Mario Muniz – SVP & GM (North LATAM), IQVIA

Mario Muniz, SVP and GM of IQVIA North LATAM, shares his motivations for joining IQVIA after nearly two decades with pharma and medtech companies, the huge potential of the North LATAM region as well as the important value that IQVIA can provide during this tumultuous period within the Mexican public healthcare sector.

 

The next step of success is to bring innovation to such a level that our customers say they cannot imagine a world without IQVIA!

Mario, you were appointed GM of IQVIA North LATAM in January 2019, having previously worked for companies like Mundipharma, Pfizer, Chiesi, Philips and Merit Medical Systems. What made you decide to join IQVIA?

After nearly 20 years within the industry, during which I worked in pharma and medical devices companies of different sizes and structures, I wanted to understand the other side of the business. The position was interesting because I would still be a GM owning the full P&L responsibility of the affiliate but on the service side with a slightly different way of engaging in the healthcare industry. In a service company, you have to develop different skills. For instance, as the GM of a pharma company, I typically had one boss to report to. At IQVIA, every client is my ‘boss’. I need to have an incredibly broad attention span and oversight of the entire industry.

As a service and technology company, IQVIA is very different from a pharma or medtech company so when I joined, I had to first understand what is similar and what is different between the two sectors. The content is, of course, similar but the ways we deliver our services are very different. What is particularly interesting is how to communicate and translate the value of what we bring to the table to different clients because different companies value different things. Some of our clients value their relationships with us a lot and seek to maintain a very open and free-flow dialogue with us in order to access our expertise. This helps them capture insights and translate them into action. Other clients are more internally driven. In all cases, collaboration is fundamental. As we touch base with hundreds of clients within the industry, we are in a position to collect insights, develop expertise and possess perspectives unique to IQVIA.

Mexico and the North LATAM area more generally has a lot of potential. The previous GM has assumed a regional role within IQVIA, focusing on consulting and technology expertise, and I think that with my background of having worked for both pharma and medtech companies in Brazil, Mexico and the rest of the LATAM region, I was a good fit for the regional North LATAM position. In particular, I am able to understand the challenges of our clients – the GMs of pharma companies that were previously my peers! – and bring a strong customer focus to see how we can best use our platforms, technology and expertise to help our clients address their challenges and capture the opportunities in the market.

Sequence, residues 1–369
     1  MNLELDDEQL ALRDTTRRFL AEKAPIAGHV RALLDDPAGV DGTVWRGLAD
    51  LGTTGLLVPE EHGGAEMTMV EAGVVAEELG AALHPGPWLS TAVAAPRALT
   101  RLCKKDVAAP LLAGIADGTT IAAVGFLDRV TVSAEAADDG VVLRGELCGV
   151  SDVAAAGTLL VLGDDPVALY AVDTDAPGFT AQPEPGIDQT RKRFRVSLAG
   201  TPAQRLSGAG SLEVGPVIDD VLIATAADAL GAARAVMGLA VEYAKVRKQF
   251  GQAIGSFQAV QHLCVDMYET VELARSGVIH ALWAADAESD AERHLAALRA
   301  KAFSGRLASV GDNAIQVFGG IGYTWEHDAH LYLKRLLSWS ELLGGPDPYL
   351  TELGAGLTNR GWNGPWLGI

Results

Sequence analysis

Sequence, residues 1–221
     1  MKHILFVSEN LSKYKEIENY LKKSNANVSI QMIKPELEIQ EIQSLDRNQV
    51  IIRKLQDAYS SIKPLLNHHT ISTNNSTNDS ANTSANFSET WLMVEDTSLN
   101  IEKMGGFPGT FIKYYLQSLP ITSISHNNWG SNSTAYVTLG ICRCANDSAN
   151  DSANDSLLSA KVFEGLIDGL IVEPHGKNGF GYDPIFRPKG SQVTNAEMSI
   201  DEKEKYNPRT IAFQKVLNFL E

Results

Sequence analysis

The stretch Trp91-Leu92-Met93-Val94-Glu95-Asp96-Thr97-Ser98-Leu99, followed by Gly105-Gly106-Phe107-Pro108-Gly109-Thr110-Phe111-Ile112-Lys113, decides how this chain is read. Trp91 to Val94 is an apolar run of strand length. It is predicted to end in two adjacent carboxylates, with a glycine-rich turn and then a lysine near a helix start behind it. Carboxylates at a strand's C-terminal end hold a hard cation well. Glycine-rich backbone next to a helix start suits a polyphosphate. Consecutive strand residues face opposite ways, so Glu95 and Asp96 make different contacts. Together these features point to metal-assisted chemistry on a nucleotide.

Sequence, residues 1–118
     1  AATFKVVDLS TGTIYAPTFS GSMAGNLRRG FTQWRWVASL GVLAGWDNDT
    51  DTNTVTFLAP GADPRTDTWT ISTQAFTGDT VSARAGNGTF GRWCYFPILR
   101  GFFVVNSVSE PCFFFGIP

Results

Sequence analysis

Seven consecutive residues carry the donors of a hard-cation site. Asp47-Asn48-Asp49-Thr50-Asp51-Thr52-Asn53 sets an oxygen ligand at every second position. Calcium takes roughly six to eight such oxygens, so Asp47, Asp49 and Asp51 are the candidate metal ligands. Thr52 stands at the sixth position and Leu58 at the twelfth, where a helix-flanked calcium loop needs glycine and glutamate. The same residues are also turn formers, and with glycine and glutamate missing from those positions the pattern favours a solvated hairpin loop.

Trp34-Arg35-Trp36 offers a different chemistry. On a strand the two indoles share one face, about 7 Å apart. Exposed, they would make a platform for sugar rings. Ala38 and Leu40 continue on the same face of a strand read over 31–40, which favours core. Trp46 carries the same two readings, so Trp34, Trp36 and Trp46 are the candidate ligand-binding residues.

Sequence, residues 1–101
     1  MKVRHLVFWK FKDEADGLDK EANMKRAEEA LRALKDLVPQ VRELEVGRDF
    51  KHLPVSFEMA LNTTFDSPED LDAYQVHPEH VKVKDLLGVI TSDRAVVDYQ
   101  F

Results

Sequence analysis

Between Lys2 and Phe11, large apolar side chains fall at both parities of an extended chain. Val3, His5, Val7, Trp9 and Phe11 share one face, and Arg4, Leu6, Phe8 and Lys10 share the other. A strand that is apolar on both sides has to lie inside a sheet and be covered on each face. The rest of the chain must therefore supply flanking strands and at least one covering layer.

What was your first objective as GM?

The first objective was to consolidate IQVIA North LATAM as a fully integrated company in Mexico and the region. As you know, IQVIA is the result of the mergers of three huge multinational companies with slightly different services and platforms: IMS Health, Cegedim and Quintiles. It was certainly an interesting challenge to integrate all three entities in Mexico.

What was exciting was that in October 2019, we finally moved into our current building to have everyone in the same office space. Previously, IQVIA operated across three different sites in Mexico City but now that everyone is together, it is easier for our employees to interact and collaborate with each other.

IQVIA is a company that leverages extremely strongly on collaboration. Not a single problem we work on requires the expertise of just one or two people. We are dealing with complex problems and market opportunities that require the collaboration of people from our technology, data and consulting teams. This is why we have a matrix organization designed to leverage on the platforms, resources and expertise that can be found across business units and countries.

My first challenge was, therefore, to bring everyone onto the same page, regardless of their service competences or expertise, to work together towards the same mission. Collaboration at a company like IQVIA really has a different meaning than in other companies in the industry.

 

More generally, could you highlight some of the key trends of the Mexican pharma market?

Mexico is still mainly an out-of-pocket market and this will not change in the near future. It is also a market driven by brands, be it originator brands or branded generics. As a result, companies invest heavily in promotional efforts and have to be conscious of increasing the effectiveness and efficiency of such efforts. We are also a market open to innovation. One of the main components of the growth in the market has been the entry of new products, whether they are fully innovative products or incremental innovations. This is another interesting aspect for both multinational and local companies to consider.